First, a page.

Waving farewell at sunset, Rob and I had a quick sail to the protected Skeeko Bay.  We nestled our anchor in a free spot near shore, counting a record 14 boats already anchored for the night.  Party weekend.  About an hour later, as we were making pasta in the cabin, another friend—our slip neighbor at Dayton Yacht Harbor—hailed us from his stand-up paddleboard.  They’d anchored next to us, and he was shuttling their dog to shore for its evening pee.  I slept well, lulled and comfortable with the gentle rock in Skeeko’s protected anchorage.

We woke up with a hike, a swim, and some knot-tying practice in the cockpit.  Around noon, we headed back to the harbor to pick up another couple of friends (and a dog, of course), heading out for an afternoon of stand-up paddling, beers, swimming, and communal laughter.

All in all, another Montana Labor Day weekend spent exerting minimal labor and receiving much love from our community, our mountains, and our favorite lake.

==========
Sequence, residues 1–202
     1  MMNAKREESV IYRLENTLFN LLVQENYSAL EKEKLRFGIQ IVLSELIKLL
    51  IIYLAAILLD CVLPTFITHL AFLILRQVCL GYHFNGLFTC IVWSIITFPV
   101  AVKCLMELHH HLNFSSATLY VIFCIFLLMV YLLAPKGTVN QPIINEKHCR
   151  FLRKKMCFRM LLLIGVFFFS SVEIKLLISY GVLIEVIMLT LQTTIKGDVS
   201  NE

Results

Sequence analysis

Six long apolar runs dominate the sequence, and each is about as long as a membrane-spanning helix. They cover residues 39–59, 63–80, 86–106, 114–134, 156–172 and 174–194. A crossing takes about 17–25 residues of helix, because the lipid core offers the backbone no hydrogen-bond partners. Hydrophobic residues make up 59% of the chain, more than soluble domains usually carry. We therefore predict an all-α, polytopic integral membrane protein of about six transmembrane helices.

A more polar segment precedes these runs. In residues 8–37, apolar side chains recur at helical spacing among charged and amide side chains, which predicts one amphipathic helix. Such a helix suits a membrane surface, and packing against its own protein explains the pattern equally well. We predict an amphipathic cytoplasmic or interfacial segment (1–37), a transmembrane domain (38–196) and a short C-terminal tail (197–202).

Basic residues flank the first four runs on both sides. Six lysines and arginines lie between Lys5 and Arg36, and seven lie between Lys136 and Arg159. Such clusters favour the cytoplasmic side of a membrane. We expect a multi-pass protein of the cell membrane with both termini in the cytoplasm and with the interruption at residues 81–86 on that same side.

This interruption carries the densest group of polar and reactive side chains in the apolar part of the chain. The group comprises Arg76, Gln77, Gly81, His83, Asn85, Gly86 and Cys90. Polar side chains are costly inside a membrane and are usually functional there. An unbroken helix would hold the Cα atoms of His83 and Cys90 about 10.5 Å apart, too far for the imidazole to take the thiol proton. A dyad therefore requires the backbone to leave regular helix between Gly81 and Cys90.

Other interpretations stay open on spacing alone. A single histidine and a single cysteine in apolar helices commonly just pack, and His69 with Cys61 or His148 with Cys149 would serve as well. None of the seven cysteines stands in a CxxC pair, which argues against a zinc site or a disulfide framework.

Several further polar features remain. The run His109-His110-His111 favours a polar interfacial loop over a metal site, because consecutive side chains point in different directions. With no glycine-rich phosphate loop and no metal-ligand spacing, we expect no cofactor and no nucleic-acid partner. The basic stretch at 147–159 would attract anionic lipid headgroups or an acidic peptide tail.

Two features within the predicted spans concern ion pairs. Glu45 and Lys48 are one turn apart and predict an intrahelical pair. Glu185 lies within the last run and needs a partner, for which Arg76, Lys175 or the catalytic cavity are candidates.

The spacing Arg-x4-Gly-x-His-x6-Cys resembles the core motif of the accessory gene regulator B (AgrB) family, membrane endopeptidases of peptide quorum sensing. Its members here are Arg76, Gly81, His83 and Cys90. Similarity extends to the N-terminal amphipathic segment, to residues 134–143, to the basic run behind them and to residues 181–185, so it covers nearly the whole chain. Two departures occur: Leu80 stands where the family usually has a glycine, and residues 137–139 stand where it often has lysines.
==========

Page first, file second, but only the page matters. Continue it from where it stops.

Solo Backpack from Our Home to My Headwaters

Posted on 2 CommentsPosted in Fishing, Hiking

Bear hangs in the wilderness are like anchors at sea — it’s what let’s me sleep comfortably in the middle of the woods.

I made this connection during a solo journey into the Rattlesnake Wilderness the first weekend in August.  Rob was busy driving a forklift and playing with power tools, helping our friends build a cabin in Southwestern Montana.  So, I seized the glorious summer weekend, threw some gear in a backpack, threw a trailer on my bike, and headed out the front door at 3pm after work.

I ride my mountain bike up 5 miles of pavement, and then 16 miles of bumpy trail along Rattlesnake Creek, towing my heavy pack.  Around 7pm, I reached the Wilderness boundary, locked the bike to fir tree, and strapped on my backpack.  I hiked up Wrangell Creek about 5 miles, and reached Little Lake, a gorgeous high mountain lake, just as night fell.  Which meant I had to HURRY to set up camp, make dinner, and then get dinner hung out of the reach of hungry bears and curious critters.